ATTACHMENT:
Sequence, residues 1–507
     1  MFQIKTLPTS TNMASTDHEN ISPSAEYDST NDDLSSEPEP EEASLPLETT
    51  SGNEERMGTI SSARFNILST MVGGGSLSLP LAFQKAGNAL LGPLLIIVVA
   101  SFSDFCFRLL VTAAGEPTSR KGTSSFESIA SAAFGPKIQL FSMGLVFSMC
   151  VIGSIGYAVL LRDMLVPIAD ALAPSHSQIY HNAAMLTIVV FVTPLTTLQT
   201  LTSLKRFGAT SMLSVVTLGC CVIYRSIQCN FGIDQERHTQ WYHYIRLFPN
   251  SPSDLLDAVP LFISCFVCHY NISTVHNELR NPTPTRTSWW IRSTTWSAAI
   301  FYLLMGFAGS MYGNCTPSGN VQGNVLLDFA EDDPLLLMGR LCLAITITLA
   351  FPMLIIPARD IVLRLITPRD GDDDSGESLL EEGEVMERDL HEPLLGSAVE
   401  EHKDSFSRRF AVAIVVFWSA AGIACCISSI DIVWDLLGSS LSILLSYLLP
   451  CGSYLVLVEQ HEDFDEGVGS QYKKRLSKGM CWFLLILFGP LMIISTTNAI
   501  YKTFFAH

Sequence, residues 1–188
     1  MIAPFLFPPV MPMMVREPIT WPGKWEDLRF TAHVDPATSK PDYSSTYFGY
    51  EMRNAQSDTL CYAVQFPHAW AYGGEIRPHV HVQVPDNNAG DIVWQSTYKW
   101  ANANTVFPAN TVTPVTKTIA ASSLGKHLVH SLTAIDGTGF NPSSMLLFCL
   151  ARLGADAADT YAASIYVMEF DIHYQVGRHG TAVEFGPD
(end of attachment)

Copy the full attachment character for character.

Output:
Sequence, residues 1–507
     1  MFQIKTLPTS TNMASTDHEN ISPSAEYDST NDDLSSEPEP EEASLPLETT
    51  SGNEERMGTI SSARFNILST MVGGGSLSLP LAFQKAGNAL LGPLLIIVVA
   101  SFSDFCFRLL VTAAGEPTSR KGTSSFESIA SAAFGPKIQL FSMGLVFSMC
   151  VIGSIGYAVL LRDMLVPIAD ALAPSHSQIY HNAAMLTIVV FVTPLTTLQT
   201  LTSLKRFGAT SMLSVVTLGC CVIYRSIQCN FGIDQERHTQ WYHYIRLFPN
   251  SPSDLLDAVP LFISCFVCHY NISTVHNELR NPTPTRTSWW IRSTTWSAAI
   301  FYLLMGFAGS MYGNCTPSGN VQGNVLLDFA EDDPLLLMGR LCLAITITLA
   351  FPMLIIPARD IVLRLITPRD GDDDSGESLL EEGEVMERDL HEPLLGSAVE
   401  EHKDSFSRRF AVAIVVFWSA AGIACCISSI DIVWDLLGSS LSILLSYLLP
   451  CGSYLVLVEQ HEDFDEGVGS QYKKRLSKGM CWFLLILFGP LMIISTTNAI
   501  YKTFFAH

Sequence, residues 1–188
     1  MIAPFLFPPV MPMMVREPIT WPGKWEDLRF TAHVDPATSK PDYSSTYFGY
    51  EMRNAQSDTL CYAVQFPHAW AYGGEIRPHV HVQVPDNNAG DIVWQSTYKW
   101  ANANTVFPAN TVTPVTKTIA ASSLGKHLVH SLTAIDGTGF NPSSMLLFCL
   151  ARLGADAADT YAASIYVMEF DIHYQVGRHG TAVEFGPD